The first ever 3D printed laptop case for standard PC components has become a reality after many months of trials.
Why a 3D printed laptop case? Because you can now print out a case and fill it with the parts you like. There have been several cases for Raspberry Pi, but to our knowledge none so far for standard PC components.
All the files have been released under an open source license. Thanks to the persistent work of community member eoma of the rhombus-tech.net it is finally a tangible reality. Everyone can benefit from the results as the design was released under the GPLv3 license, so it is essentially open source hardware.
Find the code and files in this repository.
3D Printed Laptop Case: The Specs
The laptop case can accommodate a 15.6 inch LCD screen, a full-sized keyboard with a Numpad, a 4.3-inch touch panel, a 5000mAh battery, USB ports and an internal 802.11n WiFi module. Of course, this case is just a prototype approach. It’s designed for nothing other than testing permits further modifications for different specs.
To create the nineteen individual parts needed for the assembly of the laptop case, a total of twenty-two meters of 3.0 millimeter PLA material was used. The development of the final version was only possible after “wasting” over two hundred meters of filament and many printing hours, though.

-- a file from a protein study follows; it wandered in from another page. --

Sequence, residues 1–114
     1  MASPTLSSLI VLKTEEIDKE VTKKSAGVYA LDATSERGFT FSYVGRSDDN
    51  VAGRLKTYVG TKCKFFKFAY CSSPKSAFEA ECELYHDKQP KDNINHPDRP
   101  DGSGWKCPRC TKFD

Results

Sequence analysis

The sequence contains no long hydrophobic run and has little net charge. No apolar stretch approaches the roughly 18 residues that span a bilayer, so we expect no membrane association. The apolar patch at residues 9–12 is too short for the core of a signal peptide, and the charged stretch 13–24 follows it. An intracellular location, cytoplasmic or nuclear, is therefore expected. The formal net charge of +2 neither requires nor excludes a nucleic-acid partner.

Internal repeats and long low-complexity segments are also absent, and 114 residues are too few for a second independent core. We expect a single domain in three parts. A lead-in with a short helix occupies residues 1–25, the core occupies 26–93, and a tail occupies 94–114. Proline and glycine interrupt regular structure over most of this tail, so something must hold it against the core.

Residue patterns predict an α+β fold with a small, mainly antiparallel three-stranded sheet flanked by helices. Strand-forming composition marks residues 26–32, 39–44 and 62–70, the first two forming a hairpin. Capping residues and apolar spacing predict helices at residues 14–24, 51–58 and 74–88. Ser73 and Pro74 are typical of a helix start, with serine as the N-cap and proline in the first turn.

Some Parts were not an Easy Print
The most difficult part of the process was the printing of the touch panel tray, which refused to stick on the build plate. Other than that, the assembly went smoothly with bolts securing all parts in place, boasting good rigidness even in points of increased wear and tear like the lid hinge. The keyboard was also an exact fit, leaving no gaps and generating no pressure on the casing sides.
This is another case where 3D printing comes handy to those who dare to go beyond what is seemingly possible. All that is needed is a large enough community of enthusiasts, time and filaments.
License: The text of "This is the First 3D Printed Laptop Case" by All3DP is licensed under a Creative Commons Attribution 4.0 International License.